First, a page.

Private Sector Development, Privatization, and Industrial Policy

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  • Publication
    The Cost of Doing Business in Africa : Evidence from the World Bank’s Investment Climate Data
    (Washington, DC, 2005-11) World Bank
    This paper looks at firm-level evidence on the African business environment from surveys undertaken for Investment Climate Assessments by the World Bank in 2000-2004. These surveys confirm a pattern of generally low "factory-floor" productivity, and show that this is partly due to business environment-related losses. The surveys also show the importance of high indirect costs in further depressing the "net" productivity of African firms relative to those in other regions. Reforms are moving forward but more slowly than is needed to accelerate growth; this raises the possibility that countries settle into a low-level political equilibrium sustained partly by structural and ethnic cleavages.
  • Publication
    Infrastructure in Latin America : Recent Developments and Key Challenges, Volume 1
    (Washington, DC, 2005-08) Morrison, Mary; Fay, Marianne
    In the last decade, most countries in Latin America and the Caribbean (LAC) have not spent enough on infrastructure. Total investment has fallen as a percentage of GDP, as public infrastructure expenditure has borne the brunt of fiscal adjustment, and private investment has failed to take up the slack. Most infrastructure services have therefore lagged behind East Asian comparators, middle income countries in general and China, in terms of both coverage and quality, despite the generally positive impacts of private sector involvement. This lackluster performance has slowed the LAC region's economic growth and progress in poverty reduction. Countries of the region therefore need to focus on upgrading their infrastructure, as this can yield great dividends in terms of growth, competitiveness and poverty reduction, as well as improving the quality of life of their citizens. Catching up requires significant new investment. But first, measures need to be taken to ensure that infrastructure spending produces higher returns, both economic and social. Both these tasks involve multiple challenges. The first section of the main report reviews progress made in infrastructure coverage and quality and discusses the impacts this has had on growth, competitiveness and the fight against poverty. The second section argues that the main issue has been that there has not been enough improvement in the management of resources, which have been insufficient anyway, and also reviews the region's experiences with private participation in infrastructure. The third section builds on the lessons of the last decade to tackle the key challenges: improving social and economic returns from infrastructure, managing private participation in infrastructure better and raising new finance for infrastructure.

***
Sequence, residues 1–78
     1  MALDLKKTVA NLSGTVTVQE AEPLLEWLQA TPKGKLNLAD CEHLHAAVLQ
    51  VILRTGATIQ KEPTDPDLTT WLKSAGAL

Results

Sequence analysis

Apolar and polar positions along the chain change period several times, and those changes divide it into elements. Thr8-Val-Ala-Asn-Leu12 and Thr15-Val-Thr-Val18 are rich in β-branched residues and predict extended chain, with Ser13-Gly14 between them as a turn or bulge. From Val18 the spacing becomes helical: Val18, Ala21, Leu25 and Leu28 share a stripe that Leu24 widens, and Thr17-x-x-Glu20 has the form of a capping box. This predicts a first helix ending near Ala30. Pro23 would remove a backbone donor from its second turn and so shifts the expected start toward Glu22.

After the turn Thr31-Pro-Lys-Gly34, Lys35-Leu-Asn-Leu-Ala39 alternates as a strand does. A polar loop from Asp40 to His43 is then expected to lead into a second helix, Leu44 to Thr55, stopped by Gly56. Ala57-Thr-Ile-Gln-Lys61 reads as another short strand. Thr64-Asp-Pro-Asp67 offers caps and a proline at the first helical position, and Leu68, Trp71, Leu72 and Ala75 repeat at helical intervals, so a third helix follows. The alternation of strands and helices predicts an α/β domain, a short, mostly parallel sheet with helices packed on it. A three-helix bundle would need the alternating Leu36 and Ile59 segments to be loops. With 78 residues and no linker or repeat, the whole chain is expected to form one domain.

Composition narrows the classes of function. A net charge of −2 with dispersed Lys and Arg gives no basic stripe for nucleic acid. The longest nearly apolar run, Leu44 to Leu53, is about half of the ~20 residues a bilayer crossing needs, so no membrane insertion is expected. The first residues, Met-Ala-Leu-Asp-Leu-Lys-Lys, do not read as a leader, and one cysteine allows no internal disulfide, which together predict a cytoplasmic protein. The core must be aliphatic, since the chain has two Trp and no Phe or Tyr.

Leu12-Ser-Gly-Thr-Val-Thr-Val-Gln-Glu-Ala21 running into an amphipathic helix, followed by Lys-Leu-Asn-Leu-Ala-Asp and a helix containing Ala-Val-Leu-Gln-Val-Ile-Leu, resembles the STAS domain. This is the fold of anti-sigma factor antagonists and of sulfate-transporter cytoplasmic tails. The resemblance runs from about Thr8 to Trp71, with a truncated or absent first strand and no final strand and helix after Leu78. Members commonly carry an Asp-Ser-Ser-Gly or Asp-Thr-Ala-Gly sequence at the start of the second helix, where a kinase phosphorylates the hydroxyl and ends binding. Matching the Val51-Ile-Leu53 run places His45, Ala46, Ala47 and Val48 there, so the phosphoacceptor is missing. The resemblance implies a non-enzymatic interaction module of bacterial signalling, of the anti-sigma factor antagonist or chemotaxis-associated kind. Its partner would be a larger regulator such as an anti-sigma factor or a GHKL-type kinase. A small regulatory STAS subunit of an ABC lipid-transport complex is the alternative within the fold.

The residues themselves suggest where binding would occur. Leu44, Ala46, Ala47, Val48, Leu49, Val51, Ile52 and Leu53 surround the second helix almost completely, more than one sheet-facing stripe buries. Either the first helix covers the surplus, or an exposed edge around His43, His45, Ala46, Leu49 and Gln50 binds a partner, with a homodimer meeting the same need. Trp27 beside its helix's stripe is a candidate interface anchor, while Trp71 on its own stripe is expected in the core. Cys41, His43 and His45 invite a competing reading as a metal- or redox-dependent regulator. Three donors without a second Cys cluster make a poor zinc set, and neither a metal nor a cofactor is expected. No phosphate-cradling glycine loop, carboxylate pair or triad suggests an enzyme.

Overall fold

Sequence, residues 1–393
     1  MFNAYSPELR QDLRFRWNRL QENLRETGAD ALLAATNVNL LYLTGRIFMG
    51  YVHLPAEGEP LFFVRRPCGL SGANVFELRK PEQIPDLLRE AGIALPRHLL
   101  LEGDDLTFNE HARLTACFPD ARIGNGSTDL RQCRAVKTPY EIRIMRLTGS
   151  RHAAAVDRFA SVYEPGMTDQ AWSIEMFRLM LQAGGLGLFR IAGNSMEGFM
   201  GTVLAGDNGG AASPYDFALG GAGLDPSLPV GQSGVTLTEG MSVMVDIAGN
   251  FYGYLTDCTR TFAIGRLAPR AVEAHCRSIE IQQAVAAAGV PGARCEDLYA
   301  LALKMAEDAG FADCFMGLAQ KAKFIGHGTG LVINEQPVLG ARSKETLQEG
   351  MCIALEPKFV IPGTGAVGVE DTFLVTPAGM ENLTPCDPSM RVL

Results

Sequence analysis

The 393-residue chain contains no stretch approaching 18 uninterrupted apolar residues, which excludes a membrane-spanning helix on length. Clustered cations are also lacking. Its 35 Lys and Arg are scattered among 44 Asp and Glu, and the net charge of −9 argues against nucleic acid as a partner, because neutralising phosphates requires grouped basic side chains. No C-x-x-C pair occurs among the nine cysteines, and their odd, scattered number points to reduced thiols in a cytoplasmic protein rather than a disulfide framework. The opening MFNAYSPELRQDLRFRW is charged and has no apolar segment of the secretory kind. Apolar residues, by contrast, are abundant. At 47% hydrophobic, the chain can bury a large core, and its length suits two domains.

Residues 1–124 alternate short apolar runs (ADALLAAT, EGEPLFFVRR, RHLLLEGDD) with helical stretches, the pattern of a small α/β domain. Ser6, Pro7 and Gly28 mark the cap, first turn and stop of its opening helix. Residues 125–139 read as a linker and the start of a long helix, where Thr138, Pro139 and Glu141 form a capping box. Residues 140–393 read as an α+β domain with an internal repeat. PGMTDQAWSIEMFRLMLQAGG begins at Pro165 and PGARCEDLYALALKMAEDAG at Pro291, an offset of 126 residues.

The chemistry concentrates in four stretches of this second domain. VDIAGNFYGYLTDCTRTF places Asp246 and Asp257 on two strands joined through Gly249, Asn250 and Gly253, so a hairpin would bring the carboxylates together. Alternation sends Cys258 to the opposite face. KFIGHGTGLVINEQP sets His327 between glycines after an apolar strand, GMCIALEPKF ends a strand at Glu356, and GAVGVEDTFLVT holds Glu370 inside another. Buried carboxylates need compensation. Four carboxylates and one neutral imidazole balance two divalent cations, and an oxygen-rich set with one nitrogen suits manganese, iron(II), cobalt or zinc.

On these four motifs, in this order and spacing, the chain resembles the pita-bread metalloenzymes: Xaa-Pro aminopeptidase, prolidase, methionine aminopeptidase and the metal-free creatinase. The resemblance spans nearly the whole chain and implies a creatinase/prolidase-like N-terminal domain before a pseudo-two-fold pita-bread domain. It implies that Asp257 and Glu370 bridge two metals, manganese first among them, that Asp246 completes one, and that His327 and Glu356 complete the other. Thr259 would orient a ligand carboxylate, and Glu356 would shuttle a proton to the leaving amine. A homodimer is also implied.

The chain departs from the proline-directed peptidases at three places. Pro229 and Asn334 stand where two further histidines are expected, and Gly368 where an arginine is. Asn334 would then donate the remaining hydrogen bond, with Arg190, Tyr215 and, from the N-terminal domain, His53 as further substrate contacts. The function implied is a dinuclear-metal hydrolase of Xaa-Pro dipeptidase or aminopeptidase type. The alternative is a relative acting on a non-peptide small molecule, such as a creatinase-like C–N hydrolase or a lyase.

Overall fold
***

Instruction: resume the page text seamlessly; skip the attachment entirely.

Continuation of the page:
• Publication
    China : Integration of National Product and Factor Markets, Economic Benefits and Policy Recommendations
    (Washington, DC, 2005-06) World Bank